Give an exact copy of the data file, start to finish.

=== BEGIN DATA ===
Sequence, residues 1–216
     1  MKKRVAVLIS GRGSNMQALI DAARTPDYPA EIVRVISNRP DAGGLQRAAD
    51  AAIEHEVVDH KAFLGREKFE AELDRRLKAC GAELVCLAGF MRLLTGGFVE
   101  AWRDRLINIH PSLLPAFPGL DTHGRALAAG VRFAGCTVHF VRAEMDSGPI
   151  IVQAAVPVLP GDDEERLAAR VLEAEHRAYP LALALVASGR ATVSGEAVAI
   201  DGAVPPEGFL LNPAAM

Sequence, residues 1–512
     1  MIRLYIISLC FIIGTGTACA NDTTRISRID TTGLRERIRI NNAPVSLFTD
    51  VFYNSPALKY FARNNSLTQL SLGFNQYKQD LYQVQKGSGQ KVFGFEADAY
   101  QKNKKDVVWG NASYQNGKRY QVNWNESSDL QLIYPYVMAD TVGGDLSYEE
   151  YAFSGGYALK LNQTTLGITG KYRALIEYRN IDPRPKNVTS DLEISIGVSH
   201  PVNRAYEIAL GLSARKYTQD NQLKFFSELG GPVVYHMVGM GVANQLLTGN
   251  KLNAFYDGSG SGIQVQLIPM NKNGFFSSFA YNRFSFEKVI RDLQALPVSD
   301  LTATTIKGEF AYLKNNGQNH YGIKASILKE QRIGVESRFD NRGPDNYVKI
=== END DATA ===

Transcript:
Sequence, residues 1–216
     1  MKKRVAVLIS GRGSNMQALI DAARTPDYPA EIVRVISNRP DAGGLQRAAD
    51  AAIEHEVVDH KAFLGREKFE AELDRRLKAC GAELVCLAGF MRLLTGGFVE
   101  AWRDRLINIH PSLLPAFPGL DTHGRALAAG VRFAGCTVHF VRAEMDSGPI
   151  IVQAAVPVLP GDDEERLAAR VLEAEHRAYP LALALVASGR ATVSGEAVAI
   201  DGAVPPEGFL LNPAAM

Sequence, residues 1–512
     1  MIRLYIISLC FIIGTGTACA NDTTRISRID TTGLRERIRI NNAPVSLFTD
    51  VFYNSPALKY FARNNSLTQL SLGFNQYKQD LYQVQKGSGQ KVFGFEADAY
   101  QKNKKDVVWG NASYQNGKRY QVNWNESSDL QLIYPYVMAD TVGGDLSYEE
   151  YAFSGGYALK LNQTTLGITG KYRALIEYRN IDPRPKNVTS DLEISIGVSH
   201  PVNRAYEIAL GLSARKYTQD NQLKFFSELG GPVVYHMVGM GVANQLLTGN
   251  KLNAFYDGSG SGIQVQLIPM NKNGFFSSFA YNRFSFEKVI RDLQALPVSD
   301  LTATTIKGEF AYLKNNGQNH YGIKASILKE QRIGVESRFD NRGPDNYVKI